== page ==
Did you know that every $1 spent in Google Adwords produces — on average — $2 in revenue? In some cases of PPC campaigns, we’ve seen proven gains of 200% to well over 1,000% return on clients’ investments. The only other marketing that comes close to the same return on investment is email campaigns. But how do PPC campaigns work, and how can they help your business?
What is PPC?
PPC stands for pay-per-click, and is a model of internet marketing that most platforms use when allowing people to advertise on their properties. It’s commonly associated with search engines like Google Ads and Microsoft Bing, but it’s also used with social media giants like Facebook, Twitter, Instagram, and many other entities.
Search engine advertising is one of the more popular forms of PPC, which allows advertisers to pay a fee each time one of their text ads is clicked. The amount paid depends on many variables — mainly bid price and quality scores.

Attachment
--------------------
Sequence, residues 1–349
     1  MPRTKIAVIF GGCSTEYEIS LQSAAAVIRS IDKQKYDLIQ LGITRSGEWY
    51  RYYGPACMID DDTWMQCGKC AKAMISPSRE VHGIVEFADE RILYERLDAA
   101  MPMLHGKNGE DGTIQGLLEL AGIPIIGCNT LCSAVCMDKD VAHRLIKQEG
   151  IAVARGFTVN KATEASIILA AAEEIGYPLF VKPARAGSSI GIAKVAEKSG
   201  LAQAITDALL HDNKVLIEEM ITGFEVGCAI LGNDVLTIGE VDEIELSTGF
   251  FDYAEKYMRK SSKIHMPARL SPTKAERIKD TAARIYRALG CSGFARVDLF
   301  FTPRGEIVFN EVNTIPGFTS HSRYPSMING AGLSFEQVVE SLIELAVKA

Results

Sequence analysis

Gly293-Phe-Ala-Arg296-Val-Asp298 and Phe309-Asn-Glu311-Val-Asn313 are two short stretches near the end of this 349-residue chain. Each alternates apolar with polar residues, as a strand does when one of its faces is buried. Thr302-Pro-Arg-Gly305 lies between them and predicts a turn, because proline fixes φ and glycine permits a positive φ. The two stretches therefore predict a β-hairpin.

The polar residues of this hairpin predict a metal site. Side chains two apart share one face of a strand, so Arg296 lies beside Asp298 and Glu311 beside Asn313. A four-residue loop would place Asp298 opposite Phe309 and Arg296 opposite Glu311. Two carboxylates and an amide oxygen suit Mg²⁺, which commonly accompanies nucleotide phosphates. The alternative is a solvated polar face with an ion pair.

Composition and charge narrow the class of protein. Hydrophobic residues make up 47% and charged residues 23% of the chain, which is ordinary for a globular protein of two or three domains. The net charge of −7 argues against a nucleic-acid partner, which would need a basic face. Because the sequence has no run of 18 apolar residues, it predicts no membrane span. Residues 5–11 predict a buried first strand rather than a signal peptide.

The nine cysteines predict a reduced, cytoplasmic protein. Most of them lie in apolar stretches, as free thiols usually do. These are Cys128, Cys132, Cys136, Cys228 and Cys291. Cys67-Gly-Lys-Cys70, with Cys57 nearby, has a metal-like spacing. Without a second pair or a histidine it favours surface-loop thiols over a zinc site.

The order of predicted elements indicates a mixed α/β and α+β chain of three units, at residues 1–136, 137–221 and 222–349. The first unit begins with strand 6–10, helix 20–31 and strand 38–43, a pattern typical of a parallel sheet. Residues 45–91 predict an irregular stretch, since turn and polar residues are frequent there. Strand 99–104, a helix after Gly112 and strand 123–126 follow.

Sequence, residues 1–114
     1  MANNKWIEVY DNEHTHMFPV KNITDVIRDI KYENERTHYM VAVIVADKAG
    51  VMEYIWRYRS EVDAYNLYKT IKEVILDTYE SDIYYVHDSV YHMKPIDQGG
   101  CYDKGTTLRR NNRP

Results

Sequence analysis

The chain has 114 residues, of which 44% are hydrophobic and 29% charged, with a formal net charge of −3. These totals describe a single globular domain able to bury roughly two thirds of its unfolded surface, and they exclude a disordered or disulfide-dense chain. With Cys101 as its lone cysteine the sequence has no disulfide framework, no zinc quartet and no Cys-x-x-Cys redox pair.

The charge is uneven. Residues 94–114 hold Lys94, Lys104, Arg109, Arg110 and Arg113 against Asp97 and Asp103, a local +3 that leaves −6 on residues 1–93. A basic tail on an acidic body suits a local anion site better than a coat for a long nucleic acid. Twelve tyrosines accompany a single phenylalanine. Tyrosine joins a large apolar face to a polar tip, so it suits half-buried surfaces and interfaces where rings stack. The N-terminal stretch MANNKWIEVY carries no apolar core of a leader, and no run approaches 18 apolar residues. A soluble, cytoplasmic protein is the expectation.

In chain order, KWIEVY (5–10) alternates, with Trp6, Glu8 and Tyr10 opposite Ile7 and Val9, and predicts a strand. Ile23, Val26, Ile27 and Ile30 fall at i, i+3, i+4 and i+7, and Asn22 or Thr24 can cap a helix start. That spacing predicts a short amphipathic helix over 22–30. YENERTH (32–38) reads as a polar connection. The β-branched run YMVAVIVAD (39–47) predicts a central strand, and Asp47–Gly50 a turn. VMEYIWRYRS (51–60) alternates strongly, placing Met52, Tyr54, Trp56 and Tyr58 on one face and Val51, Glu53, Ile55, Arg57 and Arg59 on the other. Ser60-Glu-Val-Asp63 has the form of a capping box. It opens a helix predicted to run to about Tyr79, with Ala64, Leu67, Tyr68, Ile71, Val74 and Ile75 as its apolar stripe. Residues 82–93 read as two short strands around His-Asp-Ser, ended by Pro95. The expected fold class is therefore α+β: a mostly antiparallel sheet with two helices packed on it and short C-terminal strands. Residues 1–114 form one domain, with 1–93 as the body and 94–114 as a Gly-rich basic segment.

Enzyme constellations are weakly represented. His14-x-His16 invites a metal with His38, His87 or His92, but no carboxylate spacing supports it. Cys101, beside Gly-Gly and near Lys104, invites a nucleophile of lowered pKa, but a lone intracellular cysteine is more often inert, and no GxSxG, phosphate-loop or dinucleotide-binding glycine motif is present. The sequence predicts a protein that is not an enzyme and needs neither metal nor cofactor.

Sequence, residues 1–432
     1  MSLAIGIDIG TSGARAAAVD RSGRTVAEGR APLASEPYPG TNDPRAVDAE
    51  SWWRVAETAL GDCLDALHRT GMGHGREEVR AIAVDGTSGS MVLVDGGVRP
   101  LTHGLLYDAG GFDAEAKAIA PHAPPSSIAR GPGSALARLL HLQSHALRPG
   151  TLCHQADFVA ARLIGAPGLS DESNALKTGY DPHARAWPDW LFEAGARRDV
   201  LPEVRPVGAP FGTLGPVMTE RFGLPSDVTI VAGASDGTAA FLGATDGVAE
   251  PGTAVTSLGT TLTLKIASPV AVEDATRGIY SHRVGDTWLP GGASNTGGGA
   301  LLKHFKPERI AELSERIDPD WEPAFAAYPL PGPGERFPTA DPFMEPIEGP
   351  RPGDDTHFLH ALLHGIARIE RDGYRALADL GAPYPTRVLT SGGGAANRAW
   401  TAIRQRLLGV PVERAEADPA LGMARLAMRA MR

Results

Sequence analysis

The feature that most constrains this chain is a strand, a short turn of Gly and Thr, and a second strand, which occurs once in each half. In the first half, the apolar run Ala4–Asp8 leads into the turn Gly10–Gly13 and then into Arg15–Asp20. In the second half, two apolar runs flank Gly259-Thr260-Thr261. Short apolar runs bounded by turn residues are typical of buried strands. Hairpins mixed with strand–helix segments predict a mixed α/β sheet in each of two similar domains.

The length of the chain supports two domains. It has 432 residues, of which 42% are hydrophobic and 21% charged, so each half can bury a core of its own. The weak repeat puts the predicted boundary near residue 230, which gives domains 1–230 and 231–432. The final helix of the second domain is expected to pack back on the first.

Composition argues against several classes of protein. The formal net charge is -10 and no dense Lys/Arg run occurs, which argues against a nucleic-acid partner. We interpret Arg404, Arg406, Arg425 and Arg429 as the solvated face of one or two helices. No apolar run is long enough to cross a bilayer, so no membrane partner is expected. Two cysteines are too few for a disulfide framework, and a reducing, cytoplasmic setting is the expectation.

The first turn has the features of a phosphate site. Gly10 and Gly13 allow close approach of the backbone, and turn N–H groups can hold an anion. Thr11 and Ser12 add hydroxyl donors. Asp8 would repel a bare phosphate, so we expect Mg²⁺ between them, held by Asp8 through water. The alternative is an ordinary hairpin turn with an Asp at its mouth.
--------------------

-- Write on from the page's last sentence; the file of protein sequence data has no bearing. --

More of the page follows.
Where do text ads show up?
With Google, text ads used to be displayed above and below the search results and on the sidebar of search ads. But Google is constantly evolving. Now, text ads are displayed only above and below organic search rankings. The importance of having a paid campaign is evident when you realize how much of the page is dedicated to ads.
As you can see in the image, Google carves out ample space on its search results page to display ads. Clicks on paid search listings top organic clicks by nearly a 2:1 margin. Moreover, 64.6 percent of clicks on Google are in ads when a consumer wants to buy an item. While organic ranking is important and provides a consistent source of free traffic, a digital marketing campaign can be grown exponentially when paid ads are incorporated.
What is Google Ads?
With a 64% search market share for US desktop traffic and 89% of mobile organic traffic share being in Google’s corner, it’s important to be familiar with how Google handles ads. Google Ads uses an auction system to display ads on its search results page. Each time a keyword is typed in and a search is conducted, Google digs through a supply of bidding advertisers and picks a set of winners to appear above and below organic rankings on its search page.
Each time the advertisers’ ad is clicked, they’re charged a certain fee. But, how much each click costs and how many clicks are allowed daily can vary.